Can Doug Ford win the Ontario PC race? Damn right he can

The former Toronto city councillor has shed his bombastic ways, is reaching out and stepping carefully. It could all add up to an Ontario PC leadership win

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Warren KInsellaWhen I quit the Olivia Chow Toronto mayoral campaign in 2014 – because she’d not told the truth to the media, among other things – guess who was the first person to call me?

Doug Ford.

“Warren, old buddy,” said Doug Ford, brother of former Toronto mayor, the late Rob Ford. “We’ve had our differences but I want you to chin up. Rob and I like you and respect you. Let’s get together when you get home.”

When you’re a political chew toy, you tend to remember calls like that one: you remember who called and who didn’t. So we stayed in touch after that. We did TV political panels together and we talked pretty regularly. I told him he shouldn’t run for mayor again, because John Tory was doing a great job and would cream him. He should run instead to be Ontario premier, I told him.

There’s clearly a market these days for populist conservatives who defy the conventional wisdom and say what they think, I told him. And there were lots of reasons why he’d be a formidable Progressive Conservative leadership candidate.

Here are 10:

Ford’s working hard: Every plugged-in PC is telling me the same thing: “Doug’s working the phones. Doug’s reaching out. Doug’s doing all the right things.” He’s doing what a party leadership candidate has to do in a race as short as this one (the winner will be declared on March 10): he’s working his tail off.

Ford’s disciplined: I think his musings about scrapping a carbon tax are a mistake – we need it (as a province) and his party needs it (because it finances their entire platform). But apart from that, he hasn’t blown any feet off and he’s saying the kind of stuff card-carrying Conservatives love.

• Ford has early support: Planning a rally this early in a campaign is a big risk: it takes a lot of time and hard work to get hundreds of people to come out to an event. Well, Ford got thousands out for a Toronto rally and in a very short time frame, too. It gave him momentum and the visuals were pretty stunning – not everyone there was an old white guy. At all.

• Ford’s evolved: A few weeks ago, I watched TVO’s fun Political Blind Date show, because Doug and federal NDP Leader Jagmeet Singh were on, and because I like both of them. Singh was engaging, warm and likable, as you’d expect. But so was Ford – big time. I was shocked at how he had evolved as a politician. Gone is the shouty city councillor, always being forced to defend his brother’s bad behaviour. In its place was a HOAG – a hell of a guy.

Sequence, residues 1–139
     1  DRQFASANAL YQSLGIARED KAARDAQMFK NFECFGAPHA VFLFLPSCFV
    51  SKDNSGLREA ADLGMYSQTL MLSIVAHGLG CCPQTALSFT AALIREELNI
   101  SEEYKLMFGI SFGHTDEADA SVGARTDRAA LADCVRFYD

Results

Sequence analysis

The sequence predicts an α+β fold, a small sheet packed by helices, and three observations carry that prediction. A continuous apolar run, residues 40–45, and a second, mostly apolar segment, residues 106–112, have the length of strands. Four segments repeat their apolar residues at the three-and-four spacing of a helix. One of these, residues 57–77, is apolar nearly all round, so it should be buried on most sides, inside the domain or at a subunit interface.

• Ford’s better at retail: The TVO show also revealed something else. You could tell that the participants in the broadcast – the NDP members who agreed to the matchup and perhaps the TVO producers who came up with the idea – expected Ford to be what he had always been: a bit of circus act, a trained bear riding a tiny bike in the centre ring. Someone to be laughed at. Well, guess what? He was way better in the mano-a-mano segments than Singh was. Way.

• Ford has a USP: A unique selling proposition, that is. It’s easy to see how some disengaged voters – that is, 99 per cent of voters – would see Liberal Premier Kathleen Wynne, NDP Leader Andrea Horwath, and fellow PC leadership candidates Caroline Mulroney and Christine Elliott as all kind of the same thing. You know: female, centrist, careful, establishment. Ford is none of those. He offers the only clear alternative for the voters who are after one (voters are always after one).

• Ford gives quotes: The guy is a quote machine. The microphone loves him. He never uses a $20 word when a $2 word would suffice. He never uses jargon and acronyms and Newspeak. He talks about values. He knows facts tell but stories sell. Ford is a one-man media machine.

• Ford dominates the vote-rich Greater Toronto Area: An important Mainstreet Research poll – little-noticed in last week’s madness – apparently showed that only one PC leadership candidate was very strong in the part of the province that decides who gets to be government: Toronto. In that area, he dominates. That matters. Remember: his brother crushed George Smitherman and Doug Ford came within 60,000 votes in his mayoral run against Tory in 2014. Ford Nation knows how to win in GTA.

• Ford ain’t dumb: I worked for a populist-type politician who everyone – from the Martimes to the media – always dismissed. They always put him down. They always said Jean Chretien was dumb when he was way (way) smarter than all of them. Ford, so far, is running a very smart campaign. If he can keep his mouth under control, he’s got a real shot at winning.

• Ford is reaching out: He did with me. And I know he’s reaching out to many others who have criticized him in the past: “The door is open,” he’s telling them. “Just walk through it.” In a leadership race – and in an election – it’s all about connection. Ford is connecting. He’s reaching out.

Can Doug Ford win? Damn right he can. Underestimate him at your peril.

Troy Media columnist Warren Kinsella is a Canadian journalist, political adviser and commentator. His latest book, Recipe For Hate, has just been published across North America and Europe by Dundurn Press.


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